It’s likely that you or someone you know will experience depression. That’s because one in eight Canadians will experience clinical depression at some point in their life.
Unfortunately, a recent survey suggests the prevalence of depression is increasing. In September, Statistics Canada released the results of a study conducted in the spring of 2021 which found that 25 per cent of Canadians aged 18 and older screened positive for symptoms of depression, anxiety or posttraumatic stress disorder (PTSD) – an increase from 20 per cent only a year earlier.
Dr. Diane McIntosh – psychiatrist, educator, and the author of This is Depression – says multiple factors contribute to an individual developing depression. These factors may be biological (for example, genetics or hormones), psychological (a traumatic experience or less effective stress-management skills) or social (stressful life experiences such as bankruptcy, divorce, or loneliness).
“It’s important to recognize that the three groups [of factors] are truly fluid and impact one another,” she says, so there is never just one reason underlying the development of depression.
Causes of depression can be as unique as personality
McIntosh explains that children are born with innate or genetically determined characteristics, known as temperament. Temperament reflects our unique personal level of intensity or excitability, and influences how we interact with the world around us. Personality, on the other hand, is shaped by our life experiences, such as how we are parented, our friendships and education experiences, and the culture we grow up in.
“Our level of resiliency or vulnerability to stress is related to our temperament and our personality,” says McIntosh. And because temperament and personality – as well as exposure to other risk factors – can vary greatly from person to person, that means an individual’s experience of depression is as unique as they are.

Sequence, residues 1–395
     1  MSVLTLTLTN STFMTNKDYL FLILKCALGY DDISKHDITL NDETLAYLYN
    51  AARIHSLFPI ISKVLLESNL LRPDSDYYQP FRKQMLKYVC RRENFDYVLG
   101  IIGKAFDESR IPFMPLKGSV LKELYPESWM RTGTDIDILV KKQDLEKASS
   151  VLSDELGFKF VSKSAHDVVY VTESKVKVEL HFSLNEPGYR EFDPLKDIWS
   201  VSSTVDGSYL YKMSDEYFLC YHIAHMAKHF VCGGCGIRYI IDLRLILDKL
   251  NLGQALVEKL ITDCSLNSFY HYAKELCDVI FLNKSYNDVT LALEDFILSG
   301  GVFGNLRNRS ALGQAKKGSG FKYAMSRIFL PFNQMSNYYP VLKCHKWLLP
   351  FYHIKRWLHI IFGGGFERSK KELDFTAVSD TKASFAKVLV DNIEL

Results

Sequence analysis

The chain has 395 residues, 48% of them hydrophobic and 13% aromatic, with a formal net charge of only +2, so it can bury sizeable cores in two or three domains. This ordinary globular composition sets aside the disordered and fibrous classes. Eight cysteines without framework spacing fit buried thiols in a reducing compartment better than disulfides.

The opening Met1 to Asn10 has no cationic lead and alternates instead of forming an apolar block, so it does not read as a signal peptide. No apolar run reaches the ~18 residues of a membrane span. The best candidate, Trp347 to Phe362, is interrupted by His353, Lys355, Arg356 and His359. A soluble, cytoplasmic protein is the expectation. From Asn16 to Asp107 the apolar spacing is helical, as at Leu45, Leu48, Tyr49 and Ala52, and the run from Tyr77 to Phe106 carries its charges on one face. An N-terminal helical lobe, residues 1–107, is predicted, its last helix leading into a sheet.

“Depression looks and feels different for every individual,” says McIntosh. “It’s so much more than a diagnosis, a bad childhood, genetics, a drug, or a therapy. And the support required to fully recover must be tailored for every individual.”
Antidepressants can be an effective treatment for depression, but every antidepressant doesn’t work for every person. McIntosh says that the right medication for someone is one that addresses all of their symptoms, not just a few of them, and that people shouldn’t settle for medications with intolerable side effects.
For some people experiencing depression, antidepressants are not fully effective. For others, they are not effective at all. The most challenging depression diagnoses are often referred to as treatment-resistant depression (TRD). McIntosh notes that, “While there is no universally agreed-upon definition of TRD, Canadian psychiatrists usually diagnose TRD when a patient has tried two or more antidepressants at therapeutic doses and their depression symptoms have not improved.”
The promising potential of rTMS and esketamine
There are, however, reasons to be hopeful. Two treatment options have shown significant promise for people living with TRD as well as those who don’t tolerate or fully respond to antidepressant treatment.
rTMS (Repetitive Transcranial Magnetic Stimulation) is a non-invasive procedure carried out in a clinic by a medical professional. A lesser-known but increasingly more available treatment option for moderately-severe depression, rTMS uses magnetic pulses to stimulate targeted areas of the brain that are involved in mood regulation.
The second treatment option is esketamine, a completely new option derived from the anesthetic ketamine, which works by changing the activity of certain natural substances in the brain. Esketamine is administered through a nasal spray, under close medical supervision, in a safe and comfortable setting. Both rTMS and esketamine treatments are currently available through the mental health team at TELUS Health Care Centres in Vancouver.
The importance of a holistic approach
With so many potential factors that can cause depression in the first place, there’s no one-size-fits-all solution when it comes to treatment, according to McIntosh. Since the root causes of depression are as unique as the individual experiencing it, a personalized treatment plan is essential. Depending on the severity of depression and an individual’s preference, such a plan might include talk therapy, exercise, a healthy diet and/or medication.
Since depression is commonly linked with physical health, McIntosh notes that a holistic approach is important.
“Properly assessing and treating a mental illness should include considering an individual’s physical health as well,” she says. “While help can take many forms, a qualified professional is the best person to diagnose and create a treatment plan for depression based on a person’s unique needs.”
To speak with someone on the TELUS Health mental health team, call 1-866-937-3892 or click here to learn more.